Some retired U.S. Navy ships include the U.S.S. Constitution, the U.S.S. Missouri and the U.S.S. Kidd. Having been preserved as historic landmarks, tourists can visit each of these three ships, as of 2015.
The U.S.S. Constitution, commonly referred to as "Old Ironsides," was commissioned by George Washington in the 1790's and remains the oldest warship afloat. The ship's sturdy oak sides deflected countless British cannonballs during the War of 1812, lending heavily to a U.S. victory in the conflict. The ship now resides in the Charlestown Navy Yard.
The U.S.S. Missouri is an Iowa-class battleship called upon by the Navy for decades. In World War II, she invaded both Iwo Jima and Okinawa, and she served as the site where Japan surrendered to General MacArthur. In Korea, she led many of the shore attacks against the North, and in Desert Storm, the Missouri launched the first 28 tomahawk missiles into Baghdad. The ship was retired in 1992 and resides in Pearl Harbor, Hawaii.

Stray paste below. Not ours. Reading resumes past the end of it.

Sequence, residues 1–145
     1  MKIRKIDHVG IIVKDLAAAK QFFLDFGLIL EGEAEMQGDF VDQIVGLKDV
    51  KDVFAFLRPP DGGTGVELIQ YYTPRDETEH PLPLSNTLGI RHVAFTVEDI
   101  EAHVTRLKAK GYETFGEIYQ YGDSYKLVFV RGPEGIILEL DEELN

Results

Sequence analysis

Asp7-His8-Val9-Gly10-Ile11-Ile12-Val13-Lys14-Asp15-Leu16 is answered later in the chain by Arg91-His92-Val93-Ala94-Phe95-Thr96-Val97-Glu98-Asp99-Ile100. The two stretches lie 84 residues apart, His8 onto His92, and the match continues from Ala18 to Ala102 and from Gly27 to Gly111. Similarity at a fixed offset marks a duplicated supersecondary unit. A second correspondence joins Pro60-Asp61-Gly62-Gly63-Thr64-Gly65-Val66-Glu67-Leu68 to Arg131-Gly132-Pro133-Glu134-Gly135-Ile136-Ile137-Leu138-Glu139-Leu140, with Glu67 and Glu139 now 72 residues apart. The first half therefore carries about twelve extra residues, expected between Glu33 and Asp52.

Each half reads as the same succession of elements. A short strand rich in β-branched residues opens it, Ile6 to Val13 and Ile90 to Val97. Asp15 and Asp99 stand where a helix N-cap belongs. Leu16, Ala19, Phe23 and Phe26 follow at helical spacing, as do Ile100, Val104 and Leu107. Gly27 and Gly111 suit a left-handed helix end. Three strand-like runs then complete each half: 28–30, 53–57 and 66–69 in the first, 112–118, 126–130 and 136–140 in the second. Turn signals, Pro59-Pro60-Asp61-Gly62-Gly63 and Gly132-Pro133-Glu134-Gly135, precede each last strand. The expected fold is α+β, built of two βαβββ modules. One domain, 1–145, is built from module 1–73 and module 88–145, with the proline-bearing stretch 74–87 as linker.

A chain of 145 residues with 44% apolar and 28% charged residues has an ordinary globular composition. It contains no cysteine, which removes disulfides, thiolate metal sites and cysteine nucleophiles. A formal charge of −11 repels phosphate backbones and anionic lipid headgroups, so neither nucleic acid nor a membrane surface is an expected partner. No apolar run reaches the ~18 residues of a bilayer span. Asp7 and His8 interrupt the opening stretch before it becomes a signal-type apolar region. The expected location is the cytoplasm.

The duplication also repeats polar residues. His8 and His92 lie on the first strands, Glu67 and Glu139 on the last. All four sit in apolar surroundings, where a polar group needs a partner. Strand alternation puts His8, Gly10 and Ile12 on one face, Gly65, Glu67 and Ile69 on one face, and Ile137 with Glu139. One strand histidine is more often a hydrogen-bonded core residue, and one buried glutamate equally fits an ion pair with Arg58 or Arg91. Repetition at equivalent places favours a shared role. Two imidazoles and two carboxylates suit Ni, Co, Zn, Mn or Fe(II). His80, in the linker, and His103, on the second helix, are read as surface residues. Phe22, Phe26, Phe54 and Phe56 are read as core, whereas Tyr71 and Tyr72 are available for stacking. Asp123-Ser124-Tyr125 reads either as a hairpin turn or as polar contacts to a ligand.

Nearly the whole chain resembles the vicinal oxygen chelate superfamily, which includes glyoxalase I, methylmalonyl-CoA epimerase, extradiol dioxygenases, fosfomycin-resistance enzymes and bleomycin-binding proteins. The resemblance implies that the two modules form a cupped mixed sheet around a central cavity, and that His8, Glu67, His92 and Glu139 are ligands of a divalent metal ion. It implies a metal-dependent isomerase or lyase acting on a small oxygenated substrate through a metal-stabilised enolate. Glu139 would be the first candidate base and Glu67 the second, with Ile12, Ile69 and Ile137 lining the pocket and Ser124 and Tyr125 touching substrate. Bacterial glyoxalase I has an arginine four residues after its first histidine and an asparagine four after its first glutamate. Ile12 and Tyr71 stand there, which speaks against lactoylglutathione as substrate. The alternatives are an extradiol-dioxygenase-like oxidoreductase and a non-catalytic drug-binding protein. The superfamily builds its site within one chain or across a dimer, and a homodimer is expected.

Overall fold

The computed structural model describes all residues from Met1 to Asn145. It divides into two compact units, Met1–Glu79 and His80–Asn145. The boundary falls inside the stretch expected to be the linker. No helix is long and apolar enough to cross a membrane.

The U.S.S. Kidd is a Fletcher-class destroyer utilized heavily throughout the Pacific during World War II. She survived a kamikazi attack that contributed significantly to her fame. She was decomissioned in 1964 and resides as a museum on the Mississippi River in Baton Rouge, LA. The Louisiana Naval War Memorial Commission has preserved the U.S.S. Kidd's World War II appearance, making her the only remaining destroyer to retain this authentic look.